After almost two hours of muddy track, we reached a series of descending ladders built from small logs. At the top, the village chief painted the first-timers’ faces with clay to show the cave that we were approved guests and to keep us safe while in there.
The last ladder ended underground in the cave in waist-deep water. I regretted my head torch, which was sitting in a very handy spot on the shelf above my bunk on board. Walking through a rocky river in the dark with the depth varying between ankle and chest deep with only a low-light torch to help is a challenging experience, to say the least of it. Occasionally bats, cave crickets, minute mossy birds’ nests, and pipes and folds of rock lit up as Yannick’s camera flashed. My camera was safely with the guide, thank goodness (he was holding it in his teeth), as I slipped right in a few times. Eventually we emerged into an idyllic shallow green canyon, where we blew up children’s plastic water rings for the next stage. I followed the chief into a pool full of large freshwater prawns and we lay on our plastic rings to begin the most beautiful canyon trip imaginable. Folded rock cliffs had their arch completed above by the enormous leaves of banana trees reaching from either side to touch one another. Banyan vines (of the Tarzan variety) dripped down the canyon sides, and ferns and mosses breathed moist abundant greenness. Lots of fish, large and small, swam with us. Occasional waterfalls spilled down and I floated beneath them to feel the water pummel me.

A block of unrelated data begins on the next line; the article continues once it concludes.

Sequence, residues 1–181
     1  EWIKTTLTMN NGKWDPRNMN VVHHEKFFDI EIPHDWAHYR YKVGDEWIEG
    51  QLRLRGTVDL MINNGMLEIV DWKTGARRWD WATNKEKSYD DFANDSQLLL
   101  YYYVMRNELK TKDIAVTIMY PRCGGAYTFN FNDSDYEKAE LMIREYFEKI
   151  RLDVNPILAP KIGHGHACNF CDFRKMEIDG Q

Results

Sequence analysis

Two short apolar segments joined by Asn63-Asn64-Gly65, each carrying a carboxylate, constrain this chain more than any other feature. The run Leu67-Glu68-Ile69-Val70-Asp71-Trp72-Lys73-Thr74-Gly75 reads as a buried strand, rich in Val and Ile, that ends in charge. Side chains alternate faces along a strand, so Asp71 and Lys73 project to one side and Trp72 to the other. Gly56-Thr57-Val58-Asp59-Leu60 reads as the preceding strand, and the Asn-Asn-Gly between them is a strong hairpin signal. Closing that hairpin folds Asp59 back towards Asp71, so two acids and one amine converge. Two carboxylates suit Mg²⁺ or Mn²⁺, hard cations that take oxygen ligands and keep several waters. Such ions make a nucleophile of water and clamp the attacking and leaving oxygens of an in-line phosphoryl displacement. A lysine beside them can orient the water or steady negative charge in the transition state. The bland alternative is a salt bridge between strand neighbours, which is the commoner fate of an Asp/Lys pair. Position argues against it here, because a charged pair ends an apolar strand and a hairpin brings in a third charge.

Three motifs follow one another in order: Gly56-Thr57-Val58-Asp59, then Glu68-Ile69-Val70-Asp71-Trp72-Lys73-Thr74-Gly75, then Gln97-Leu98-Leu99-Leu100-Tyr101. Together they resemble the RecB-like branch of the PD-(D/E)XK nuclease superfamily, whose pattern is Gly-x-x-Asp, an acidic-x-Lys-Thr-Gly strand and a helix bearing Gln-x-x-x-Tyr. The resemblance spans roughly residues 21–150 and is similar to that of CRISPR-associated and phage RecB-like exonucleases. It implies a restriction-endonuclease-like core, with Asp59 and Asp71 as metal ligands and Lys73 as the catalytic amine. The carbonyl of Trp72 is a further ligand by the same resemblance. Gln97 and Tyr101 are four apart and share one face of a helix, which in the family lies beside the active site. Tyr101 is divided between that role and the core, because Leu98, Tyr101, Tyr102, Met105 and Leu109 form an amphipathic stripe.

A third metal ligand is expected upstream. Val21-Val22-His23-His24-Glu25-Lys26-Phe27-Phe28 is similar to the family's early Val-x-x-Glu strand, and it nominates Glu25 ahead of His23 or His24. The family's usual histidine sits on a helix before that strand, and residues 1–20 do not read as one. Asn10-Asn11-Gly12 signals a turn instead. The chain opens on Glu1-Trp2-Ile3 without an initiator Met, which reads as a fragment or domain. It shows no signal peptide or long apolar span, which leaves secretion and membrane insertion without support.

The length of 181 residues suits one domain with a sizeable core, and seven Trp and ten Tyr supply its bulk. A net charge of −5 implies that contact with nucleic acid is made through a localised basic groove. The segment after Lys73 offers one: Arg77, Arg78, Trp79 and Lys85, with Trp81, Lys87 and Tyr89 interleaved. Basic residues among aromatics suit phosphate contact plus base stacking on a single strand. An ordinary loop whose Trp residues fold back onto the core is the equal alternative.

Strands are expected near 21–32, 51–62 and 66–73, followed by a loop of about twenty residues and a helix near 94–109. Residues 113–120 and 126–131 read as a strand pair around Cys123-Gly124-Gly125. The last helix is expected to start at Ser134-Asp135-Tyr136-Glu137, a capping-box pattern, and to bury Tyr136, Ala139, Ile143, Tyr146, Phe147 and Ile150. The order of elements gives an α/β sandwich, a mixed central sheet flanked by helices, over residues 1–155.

Some of the time we had to get out and clamber over, up, between and down enormous boulders to miss dangerous rapids. Once we had to wriggle through a narrow hole feet first landing in water, without being able to see where we were going. Crossing deep dark holes and sliding around boulders with rushing water below brought home the fact that this was something you would not dream of doing without excellent local knowledge.
When we emerged from the river the final time, we followed the chief straight up a narrow waterfall with perfect foot- and hand-holds to the top of the gorge and back through jungle meadows to the village, picking and eating fruit on the way. That man would be in his sixties at least, and his ascent up the waterfall was absolutely effortless, like a mountain goat.
The village women had prepared lap-lap made from manioc (traditional food made from a root vegetable wrapped in island spinach and cooked in coconut milk) and pamplemousse (gigantic grapefruit) for us before we walked out in the last shreds of daylight. Yannick was keen for me to go and drink kava with him and the guides, but bless my mob, there they were at the cafe at the bus drop-off point sitting waiting for me and the pizza they had ordered for all of us, so I was able to bow out easily and gracefully. Just perfect.